Chaos at testing centres as hundreds of thousands of new cases loom

Queensland’s top health official has warned of hundreds of thousands of Covid-19 cases in the state by the end of the month, urging anyone who has even the mildest of symptoms to stay home.

Jan 04, 2022, updated Jan 04, 2022
Chief Health Officer Dr John Gerrard. Photo: AAP

Chief Health Officer Dr John Gerrard. Photo: AAP

Chief Health Office John Gerrard’s prediction came amid reports of chaos at several virus testing centres, with Health Minister Yvette D’Ath admitting the government thought some private centres would be open when they were in fact closed.

Long queues had formed outside several QML-run testing centres on Brisbane and the Gold Coast on Tuesday morning before it was revealed they would not open despite advice on  Queensland Health’s website that they would be.

Ms D’Ath admitted the system was feeling the pressure of huge numbers of people wanting to get tested and that there was confusion over the status of centres run by private pathology companies like QML and Sullivan Nicolaides.

“We know this is putting a strain across the whole testing system and we do ask for people’s patience,” she said.

There are reports of major congestion around testings sites at Royal Brisbane and Women’s Hospital at Herston and at Ashgrove and Murrarie. Polcie had to be called to ease some traffic snarls.

D’Ath also revealed half a million scarce rapid antigen tests had arrived in Queensland.

“From tomorrow we will be dispatching those across our various public testing sites,” she said.

“It will take a number of days to get them out into the regions and across Queensland, but we will make sure that we get these rapid antigen tests to everyone around public testing clinics over the next few days.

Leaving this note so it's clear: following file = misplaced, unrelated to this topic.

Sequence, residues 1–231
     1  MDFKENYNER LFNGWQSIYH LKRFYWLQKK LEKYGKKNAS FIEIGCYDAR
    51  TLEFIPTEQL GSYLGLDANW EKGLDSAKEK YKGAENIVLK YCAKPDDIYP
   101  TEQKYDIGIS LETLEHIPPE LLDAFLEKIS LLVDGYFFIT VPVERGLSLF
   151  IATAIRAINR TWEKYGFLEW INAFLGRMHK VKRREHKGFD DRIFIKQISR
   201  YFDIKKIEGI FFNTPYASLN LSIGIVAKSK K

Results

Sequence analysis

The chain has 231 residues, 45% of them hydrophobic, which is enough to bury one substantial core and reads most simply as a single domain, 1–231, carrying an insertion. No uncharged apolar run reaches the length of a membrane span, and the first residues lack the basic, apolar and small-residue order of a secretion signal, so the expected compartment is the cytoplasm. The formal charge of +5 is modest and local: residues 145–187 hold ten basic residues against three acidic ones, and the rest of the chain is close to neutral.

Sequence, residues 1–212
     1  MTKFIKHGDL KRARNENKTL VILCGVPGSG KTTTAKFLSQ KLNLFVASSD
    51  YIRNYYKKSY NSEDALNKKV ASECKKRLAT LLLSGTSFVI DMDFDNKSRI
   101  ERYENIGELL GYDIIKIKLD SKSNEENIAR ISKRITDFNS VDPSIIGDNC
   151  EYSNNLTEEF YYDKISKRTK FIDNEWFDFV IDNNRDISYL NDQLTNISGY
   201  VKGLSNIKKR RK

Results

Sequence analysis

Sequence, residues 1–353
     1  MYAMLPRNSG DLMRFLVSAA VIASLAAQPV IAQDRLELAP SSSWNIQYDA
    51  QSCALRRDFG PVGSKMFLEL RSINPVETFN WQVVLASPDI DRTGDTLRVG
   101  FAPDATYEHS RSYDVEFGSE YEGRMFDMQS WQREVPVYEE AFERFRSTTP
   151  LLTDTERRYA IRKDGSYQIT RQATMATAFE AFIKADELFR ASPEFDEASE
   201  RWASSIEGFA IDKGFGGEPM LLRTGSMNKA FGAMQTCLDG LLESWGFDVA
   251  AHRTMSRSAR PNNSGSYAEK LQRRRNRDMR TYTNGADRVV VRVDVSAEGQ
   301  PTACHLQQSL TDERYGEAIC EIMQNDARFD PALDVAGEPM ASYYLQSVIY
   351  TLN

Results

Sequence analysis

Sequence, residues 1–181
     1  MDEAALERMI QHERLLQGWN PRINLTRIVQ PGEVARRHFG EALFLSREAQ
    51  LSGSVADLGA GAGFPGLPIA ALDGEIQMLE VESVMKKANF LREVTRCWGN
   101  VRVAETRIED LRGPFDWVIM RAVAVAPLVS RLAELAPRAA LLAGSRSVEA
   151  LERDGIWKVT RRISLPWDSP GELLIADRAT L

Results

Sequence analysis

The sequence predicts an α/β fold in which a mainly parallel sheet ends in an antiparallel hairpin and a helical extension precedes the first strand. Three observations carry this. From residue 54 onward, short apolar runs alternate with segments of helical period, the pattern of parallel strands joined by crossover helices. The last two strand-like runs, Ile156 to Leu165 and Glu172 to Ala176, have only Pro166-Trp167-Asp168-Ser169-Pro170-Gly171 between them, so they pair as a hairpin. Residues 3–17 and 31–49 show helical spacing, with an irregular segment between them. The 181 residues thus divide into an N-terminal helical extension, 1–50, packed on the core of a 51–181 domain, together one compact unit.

“I can advise we’ve got half a million rapid antigen tests that have arrived in our distribution centre.”

Queensland has recorded 5699 new Covid-19 cases, with one more case in intensive care and one placed on a ventilator.

Dr Gerrard said there are 11 people in ICU – up from 10 on Monday and two were on ventilators.

About 170 people with Covid-19 were being treated in hospital.

Gerrard said the number of cases was steadily rising, with 23 per cent of Pathology Queensland’s tests being positive on Monday, however vaccination is holding the line.

“This is a clearly a contagious, very contagious virus, but the good news so far, the good news is that of all those cases, we still, as of last night, only had 11 patients in intensive care of whom two were on ventilators,” he said.

“So this the disease that we are seeing at the moment, bears no resemblance to the disease that was being reported last year both in Australia and overseas because of vaccination, largely because of vaccination.”

Gerrard warned that the number of cases could spike into the hundreds of thousands by the end of January.

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“The numbers of cases we are expected to see through January, early February, will be very high. Certainly in the hundreds of thousands, if not more, very high,” he said.

Gerrard said anyone with cold or flu symptoms, who is not “unduly sick”, should stay home and monitor their symptoms.

He said vaccinated people should recover within a few days, but anyone short of breath, suffering chest pain or fever, feeling faint or fainting should seek medical treatment.

“As tests become more available, hopefully more rapid antigen tests will become available, then you should we should be able to get access to them,” he said.

“But for the moment that (staying home) is not an unreasonable (request) that’s exactly precisely what I am saying.”

The government had planned to scrap pre-travel testing requirements for visitors from interstate hotspots and quarantine for international arrivals once 90 per cent of eligible Queenslands are vaccinated.

However, when asked if the roadmap could change cases continuing to climb in Queensland, Gerrard said that plan was constantly being reviewed.

“We’re looking at all of these things every day, I even spoke to (NSW CHO Kerry Chant) about this very issue last night,” he said.

“So we’re discussing these issues every day.”


-with AAP

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